South Africa is once again ready for change. The victory of the 1994 elections has been muddied by ongoing corruption, with many politicians putting their greed ahead of the needs of the people…

The coronavirus pandemic has highlighted the inadequacies of government interventions over the last two decades. Schools are still severely under-resourced, millions of South Africans still don’t have access to fresh water, the bucket system has not been eradicated, crime is spiralling out of control, and the economy is in the worst shape it’s ever been. State Capture has emptied our coffers, and even the emergency pandemic finds are being plundered.

While the pandemic has made things worse, it certainly cannot be blamed for the sad state of affairs in the country. Which is why millions are calling for change.

In 1994, President Nelson Mandela led us into a new era, and the words “it always seems impossible until it’s done,” echoed around the world.

So what happened?

While the battle for freedom was won, and the apartheid regime was crushed, greed and corruption still prevails.

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Now we need a nurturer. Someone who will help heal a broken country.

Someone who is strong enough to stand up against corruption. Someone who is used to putting the needs of her family first. Who understands the importance of educating her children, healing the sick, feeding the hungry, providing financially, and planning for the future.

It’s time for a female leader

Yes it might come as a bit of a shock to some “to be led by a woman!” But research proves that it could change the country for the better.

According to this piece by The Conversation, Jacinda Ardern of New Zealand, Tsai Ing-Wen of Taiwan and Angela Merkel of Germany have all been singled out for the way they have handled the coronavirus pandemic.

“They’ve been praised for demonstrating care, empathy and a collaborative approach. These skills – stereotypically described as “feminine” – have enabled them to listen to scientific expertise, work with local authorities and communicate effectively with the public. It has made them come across as transparent and accountable at a time of mass confusion.”

And All4Women readers want “Thuli for President”

On Tuesday, All4Women published an inspiring piece in which professor Thuli Madonsela weighed in on State Capture and her hope for SA’s future.

Readers flooded the Facebook page with praise for the prof:

  • Emmarentia du Toit: Great respect for this woman!
  • Tina Kruger Blades: Please stand for President, you definitely have my vote…
  • Coba Badenhorst: Wonderful lady
  • Jerlaine Swanepoel: Pls put this wise woman in the president place. She has better logic… #voteMadonsela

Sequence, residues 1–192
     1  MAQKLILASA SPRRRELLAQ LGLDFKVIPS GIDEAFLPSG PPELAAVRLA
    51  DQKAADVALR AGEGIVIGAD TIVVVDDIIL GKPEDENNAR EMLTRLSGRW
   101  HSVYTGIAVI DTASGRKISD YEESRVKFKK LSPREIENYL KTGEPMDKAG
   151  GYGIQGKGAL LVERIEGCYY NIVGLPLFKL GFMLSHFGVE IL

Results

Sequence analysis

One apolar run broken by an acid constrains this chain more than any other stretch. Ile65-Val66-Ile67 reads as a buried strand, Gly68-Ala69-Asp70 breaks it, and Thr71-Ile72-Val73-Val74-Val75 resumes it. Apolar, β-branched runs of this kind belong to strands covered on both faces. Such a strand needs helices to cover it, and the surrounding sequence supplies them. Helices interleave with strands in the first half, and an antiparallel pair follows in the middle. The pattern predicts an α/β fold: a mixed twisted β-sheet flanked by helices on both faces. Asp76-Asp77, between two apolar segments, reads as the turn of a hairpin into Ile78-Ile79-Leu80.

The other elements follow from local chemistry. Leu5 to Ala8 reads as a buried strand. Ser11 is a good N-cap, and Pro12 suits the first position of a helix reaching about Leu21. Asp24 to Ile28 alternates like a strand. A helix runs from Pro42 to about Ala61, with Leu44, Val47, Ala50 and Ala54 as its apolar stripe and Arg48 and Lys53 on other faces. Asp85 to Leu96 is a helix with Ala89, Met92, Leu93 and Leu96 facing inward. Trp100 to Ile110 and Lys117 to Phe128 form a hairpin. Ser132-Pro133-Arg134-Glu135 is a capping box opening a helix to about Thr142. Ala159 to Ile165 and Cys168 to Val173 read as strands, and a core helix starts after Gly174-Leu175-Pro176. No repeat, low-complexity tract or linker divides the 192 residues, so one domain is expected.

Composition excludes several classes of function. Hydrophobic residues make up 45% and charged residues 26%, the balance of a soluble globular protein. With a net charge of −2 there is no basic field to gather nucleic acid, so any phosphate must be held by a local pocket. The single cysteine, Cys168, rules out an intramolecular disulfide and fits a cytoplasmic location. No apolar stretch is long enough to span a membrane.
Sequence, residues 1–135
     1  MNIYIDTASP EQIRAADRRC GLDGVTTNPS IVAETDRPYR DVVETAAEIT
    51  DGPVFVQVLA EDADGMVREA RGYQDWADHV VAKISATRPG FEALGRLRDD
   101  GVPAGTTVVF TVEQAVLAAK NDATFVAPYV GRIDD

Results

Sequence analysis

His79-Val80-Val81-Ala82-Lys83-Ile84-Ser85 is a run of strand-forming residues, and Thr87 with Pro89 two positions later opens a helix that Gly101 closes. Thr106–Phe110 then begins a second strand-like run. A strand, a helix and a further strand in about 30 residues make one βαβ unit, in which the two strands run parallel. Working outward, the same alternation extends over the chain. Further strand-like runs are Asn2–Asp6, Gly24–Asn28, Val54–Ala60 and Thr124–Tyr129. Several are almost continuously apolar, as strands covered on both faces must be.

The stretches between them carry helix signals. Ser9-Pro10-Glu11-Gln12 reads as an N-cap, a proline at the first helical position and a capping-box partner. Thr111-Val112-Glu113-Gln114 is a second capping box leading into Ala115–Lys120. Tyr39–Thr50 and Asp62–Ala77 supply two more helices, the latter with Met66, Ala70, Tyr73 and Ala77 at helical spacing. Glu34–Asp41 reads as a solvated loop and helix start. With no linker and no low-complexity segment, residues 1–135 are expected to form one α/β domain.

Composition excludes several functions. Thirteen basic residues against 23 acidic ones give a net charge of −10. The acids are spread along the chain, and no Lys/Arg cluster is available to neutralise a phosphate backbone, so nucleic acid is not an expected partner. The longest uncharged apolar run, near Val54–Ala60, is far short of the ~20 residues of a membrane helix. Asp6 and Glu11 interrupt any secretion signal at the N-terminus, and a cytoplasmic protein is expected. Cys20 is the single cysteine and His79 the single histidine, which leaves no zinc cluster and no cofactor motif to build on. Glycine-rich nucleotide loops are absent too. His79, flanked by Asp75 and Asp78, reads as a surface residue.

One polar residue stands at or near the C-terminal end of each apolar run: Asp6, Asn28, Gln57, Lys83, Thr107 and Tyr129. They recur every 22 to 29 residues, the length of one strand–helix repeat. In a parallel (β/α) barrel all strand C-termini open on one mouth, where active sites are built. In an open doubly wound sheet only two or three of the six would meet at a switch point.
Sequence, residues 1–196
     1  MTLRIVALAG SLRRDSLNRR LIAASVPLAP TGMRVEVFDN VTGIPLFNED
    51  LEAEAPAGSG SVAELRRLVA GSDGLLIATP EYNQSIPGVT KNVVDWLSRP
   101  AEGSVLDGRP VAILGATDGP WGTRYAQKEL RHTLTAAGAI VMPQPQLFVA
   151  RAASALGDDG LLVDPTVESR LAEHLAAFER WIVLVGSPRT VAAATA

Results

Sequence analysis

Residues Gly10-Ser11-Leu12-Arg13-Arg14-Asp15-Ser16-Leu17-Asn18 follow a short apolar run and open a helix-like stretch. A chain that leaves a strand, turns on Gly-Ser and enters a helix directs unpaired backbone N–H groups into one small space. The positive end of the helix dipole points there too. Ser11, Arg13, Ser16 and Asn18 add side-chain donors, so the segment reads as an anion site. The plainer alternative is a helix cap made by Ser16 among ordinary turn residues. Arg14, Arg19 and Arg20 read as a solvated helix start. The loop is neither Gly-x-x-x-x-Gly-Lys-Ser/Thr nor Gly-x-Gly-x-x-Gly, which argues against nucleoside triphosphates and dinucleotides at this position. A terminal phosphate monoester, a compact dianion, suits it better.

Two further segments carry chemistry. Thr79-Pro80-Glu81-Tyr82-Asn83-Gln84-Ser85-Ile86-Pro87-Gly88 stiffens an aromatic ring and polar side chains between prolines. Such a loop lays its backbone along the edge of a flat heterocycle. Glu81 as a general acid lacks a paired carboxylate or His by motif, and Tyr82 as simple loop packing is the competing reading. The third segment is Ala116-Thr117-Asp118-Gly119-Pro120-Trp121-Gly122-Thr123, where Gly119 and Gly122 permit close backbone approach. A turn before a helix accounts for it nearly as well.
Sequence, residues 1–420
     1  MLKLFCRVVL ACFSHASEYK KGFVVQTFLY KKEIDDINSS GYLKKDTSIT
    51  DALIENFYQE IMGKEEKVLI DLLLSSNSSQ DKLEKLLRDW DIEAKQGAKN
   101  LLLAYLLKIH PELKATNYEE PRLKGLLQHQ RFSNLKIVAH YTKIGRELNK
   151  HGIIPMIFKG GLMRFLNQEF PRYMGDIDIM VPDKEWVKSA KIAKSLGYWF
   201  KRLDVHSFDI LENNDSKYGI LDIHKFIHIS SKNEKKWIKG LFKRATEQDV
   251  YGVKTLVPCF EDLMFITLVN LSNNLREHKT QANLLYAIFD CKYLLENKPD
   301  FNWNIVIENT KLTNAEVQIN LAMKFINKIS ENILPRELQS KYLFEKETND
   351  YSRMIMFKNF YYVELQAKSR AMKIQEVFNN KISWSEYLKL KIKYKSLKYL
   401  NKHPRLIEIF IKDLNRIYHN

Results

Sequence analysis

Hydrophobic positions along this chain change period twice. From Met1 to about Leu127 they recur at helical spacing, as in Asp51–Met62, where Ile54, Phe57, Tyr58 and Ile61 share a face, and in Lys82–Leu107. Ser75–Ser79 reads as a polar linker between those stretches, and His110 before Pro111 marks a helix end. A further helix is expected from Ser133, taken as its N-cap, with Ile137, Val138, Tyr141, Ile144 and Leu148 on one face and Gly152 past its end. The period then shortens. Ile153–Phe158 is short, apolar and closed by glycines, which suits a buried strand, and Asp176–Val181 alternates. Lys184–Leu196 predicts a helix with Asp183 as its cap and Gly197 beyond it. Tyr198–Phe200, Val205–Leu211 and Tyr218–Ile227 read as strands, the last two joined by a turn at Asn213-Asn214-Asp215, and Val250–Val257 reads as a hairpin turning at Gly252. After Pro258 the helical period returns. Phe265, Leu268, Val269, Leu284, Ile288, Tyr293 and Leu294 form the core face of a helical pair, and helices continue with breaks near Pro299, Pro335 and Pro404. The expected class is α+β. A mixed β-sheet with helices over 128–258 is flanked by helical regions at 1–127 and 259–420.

• Dollie Scheepers: Dollie Scheepers STAND for President
  • Alida Elizabeth De Villiers: Its Time for a Woman to be the President. Vote Thuli Mandonsela.
  • Avril Macé: Thuli for president.
  • Kevin Brighton: Must she go with the DA, Mashaba or on her own.
  • Judy Deswardt: She should stand for president
  • Beverley Ann Swanepoel
  • Beverley Ann Swanepoel: She should be our President
  • Irene Sunderland: She is a wonderful lady she should be president

‘People WILL go to jail’

Madonsela was a guest PSG’s Think Big webinar series.  When asked about the consequences for those involved in state capture, Madonsela was adamant that people will go to jail. She was also hopeful about the future of the country and its youth.

“Young people today give me hope because I am seeing change. In my dealings with young people at Stellenbosch University, I’m finding that Generation Z and Millennials are truly committed to building a functioning society. It might not always be visible, but I think a quiet revolution of uprightness is brewing and the days are numbered for those that think that they can rely on young people to support them when they are corrupt.”

South African society today has many ills that may seem insurmountable, but Madonsela maintained she is always hopeful. “If you lose hope, you lose everything,” she said.

SA needs a ‘female approach’

The Conversation highlighted how a ‘female approach’ allowed women leaders to rise to the top during the coronavirus pandemic:

“The pandemic has placed in sharp relief the need to invest in care and social infrastructure – ‘feminine’ areas of the economy that have been overlooked for too long. The experience of women leaders who have reinvented both political leadership and femininity and the institutional contexts which have allowed them to get to the top, can help reimagine inclusive political processes in the wake of the crisis.”

So ladies, let’s unite

Next election, we’re all voting for a female president… My vote is for Thuli Madonsela! (We just need to convince her to enter politics!)